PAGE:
1997 VW Golf; Rear Strut Replacement
Mark: Hi, it’s Mark from Top Local, we’re here with Bernie Pawlik, Pawlik Automotive in Vancouver, 38 years of repairing cars in Vancouver and 18 time winners of Best Auto Repair in Vancouver as voted by their customers. How’re you doing Bernie?
Mark: Fantastic, because I know you were a little bit sick earlier this week, so we’re talking about an old VW, a 21 year old VW Golf that you had some work on, what was going on with this vehicle?
Bernie: This vehicle had a really bad clunking noise coming from the rear and the rear struts were worn out so, and in all fairness has been a client of ours for quite a long time and we knew the struts were wearing but I want to talk about this today because I mean just the amount of wear on these struts before the replacement was horrific. It’s just very interesting to kind of look at and just talk about the struts and old VW’s.
Mark: So there’s lots of noise, what else was going on when the vehicle was being driven?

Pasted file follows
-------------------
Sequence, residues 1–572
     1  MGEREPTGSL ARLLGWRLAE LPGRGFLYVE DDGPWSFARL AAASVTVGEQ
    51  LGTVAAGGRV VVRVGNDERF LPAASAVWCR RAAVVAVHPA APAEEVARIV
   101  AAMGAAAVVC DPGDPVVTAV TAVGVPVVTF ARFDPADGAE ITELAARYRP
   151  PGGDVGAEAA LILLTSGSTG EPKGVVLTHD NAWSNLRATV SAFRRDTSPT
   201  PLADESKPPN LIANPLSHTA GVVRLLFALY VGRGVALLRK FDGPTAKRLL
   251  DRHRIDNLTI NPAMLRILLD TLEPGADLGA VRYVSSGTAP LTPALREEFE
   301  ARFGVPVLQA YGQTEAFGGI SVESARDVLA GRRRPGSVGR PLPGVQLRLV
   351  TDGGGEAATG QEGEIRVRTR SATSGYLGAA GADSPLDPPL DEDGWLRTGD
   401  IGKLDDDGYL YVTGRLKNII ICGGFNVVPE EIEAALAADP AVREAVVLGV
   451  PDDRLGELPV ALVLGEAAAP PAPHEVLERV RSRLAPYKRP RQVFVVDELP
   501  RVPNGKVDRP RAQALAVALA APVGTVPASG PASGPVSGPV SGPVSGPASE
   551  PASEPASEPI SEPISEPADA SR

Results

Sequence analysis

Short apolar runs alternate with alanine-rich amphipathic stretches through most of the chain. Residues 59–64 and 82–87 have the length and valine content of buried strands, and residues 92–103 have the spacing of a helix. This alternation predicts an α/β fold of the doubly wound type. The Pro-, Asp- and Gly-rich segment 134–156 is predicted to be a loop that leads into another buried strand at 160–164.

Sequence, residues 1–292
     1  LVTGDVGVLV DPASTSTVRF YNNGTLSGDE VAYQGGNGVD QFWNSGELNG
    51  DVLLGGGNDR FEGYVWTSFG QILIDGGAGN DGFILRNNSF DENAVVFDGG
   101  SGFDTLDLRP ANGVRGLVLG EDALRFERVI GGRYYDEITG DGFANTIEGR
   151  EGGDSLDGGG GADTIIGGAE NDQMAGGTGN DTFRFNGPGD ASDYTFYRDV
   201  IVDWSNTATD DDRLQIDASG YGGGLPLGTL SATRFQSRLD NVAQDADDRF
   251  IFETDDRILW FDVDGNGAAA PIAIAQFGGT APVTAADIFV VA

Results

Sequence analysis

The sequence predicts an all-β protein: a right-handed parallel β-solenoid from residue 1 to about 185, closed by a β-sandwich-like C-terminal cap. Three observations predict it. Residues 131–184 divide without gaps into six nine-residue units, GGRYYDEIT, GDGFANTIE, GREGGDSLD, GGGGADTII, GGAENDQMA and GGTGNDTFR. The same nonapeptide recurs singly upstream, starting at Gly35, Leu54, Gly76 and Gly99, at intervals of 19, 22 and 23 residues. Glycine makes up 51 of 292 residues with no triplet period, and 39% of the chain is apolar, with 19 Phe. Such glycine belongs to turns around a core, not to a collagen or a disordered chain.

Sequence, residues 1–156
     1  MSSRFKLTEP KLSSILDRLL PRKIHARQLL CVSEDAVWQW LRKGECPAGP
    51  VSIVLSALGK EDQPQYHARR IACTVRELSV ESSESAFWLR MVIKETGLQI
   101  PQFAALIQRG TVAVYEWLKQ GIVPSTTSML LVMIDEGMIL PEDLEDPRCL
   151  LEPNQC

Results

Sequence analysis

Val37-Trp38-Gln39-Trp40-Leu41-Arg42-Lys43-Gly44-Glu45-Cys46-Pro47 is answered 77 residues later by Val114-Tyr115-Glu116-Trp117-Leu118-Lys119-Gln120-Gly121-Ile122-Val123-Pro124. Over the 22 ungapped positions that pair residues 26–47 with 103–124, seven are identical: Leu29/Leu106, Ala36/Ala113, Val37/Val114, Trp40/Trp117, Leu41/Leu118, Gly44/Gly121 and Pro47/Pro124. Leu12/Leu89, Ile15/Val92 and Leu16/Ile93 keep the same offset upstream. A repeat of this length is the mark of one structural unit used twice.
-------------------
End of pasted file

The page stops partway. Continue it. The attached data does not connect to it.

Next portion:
Bernie: Well mostly there was just noise, I mean when you drive the vehicle and I mean any of the little minutest amount of a bump, I mean even a microscopic bump there’d be a creak and a bang in the back of the car. As I mentioned it had been going on for quite some time but this person has been a regular client for quite a while and being an older car, it needed a lot of work. So we fixed up what needed to be done, the priority items and the struts were not on the priority list initially by they certainly became high on the priority list. Especially when the vehicle was in for the last service about a month ago, it had a bad wheel bearing problem which is pretty severe in the rear. So we serviced that, fixed all that up and we noted that the rear struts of course had deteriorated so badly in fact you could take the back wheel and rock it back and forth like quite a lot. And you could see the strut, there was play in the strut, just a massive amount of movement. So I said, hey you know, you’ve got to fix this as soon as possible, so recently as soon as possible happened and we fixed it. I’m going to share a couple of pictures because when we took it a part, it’s just interesting to see just how badly worn a part like this can be. I’m going to actually start with a picture of the repaired strut. So this is what a good strut looks like, this is the actual strut part that got replaced. You can see this rusty piece that’s the coil spring. In this case, we did not replace it but this accordion bellow piece here was replaced and there’s a piece up here called the snubber which is a little like a foam cushion when you, if you hit a bump to hard it’ll actually prevent the top of the strut from hitting the strut plate and then what’s not in the picture is the strut place which is just out of the picture, and that’s what mounts the strut to the vehicle. This forms a sort of top part of suspension, it keeps the wheel from you know flopping in and out. Plus it also provides the shock absorbing spring motion. So that’s why I like a MacPherson strut. It’s a pretty unique component. It actually eliminates a lot of parts that you find in other suspensions. Now here’s the broken part. So I put a couple of nice arrows here, now this is actually at the bottom, we removed the bottom mounting and basically the strut just fell apart. You can see the spring has slipped down and normally this wouldn’t happen. The strut would actually stay in place but because it’s so badly work at the bottom of the strut tube has actually broken off inside. So this is the outside tube and this is the piece that moves up and down when you hit bumps. The red arrow basically sort of points to the separation of the two components and then the yellow, I’m just pointing at the tube and you can see this ugly brownish colour, there’s oil inside struts and as they wear, they leak and of course water gets inside. That’s just an emulsified oil with a boiled water mixture, it’s just kind of ugly. So a good indication if your struts are actually wearing is if you know, you see actually fluid, like an oil seeping out of the strut. That’s a good sign the struts are on their way out and need to be replaced. So there’s a couple photos of what we saw. I don’t have a video of the actual, of the initial movement of what was there but trust me, it was pretty scary.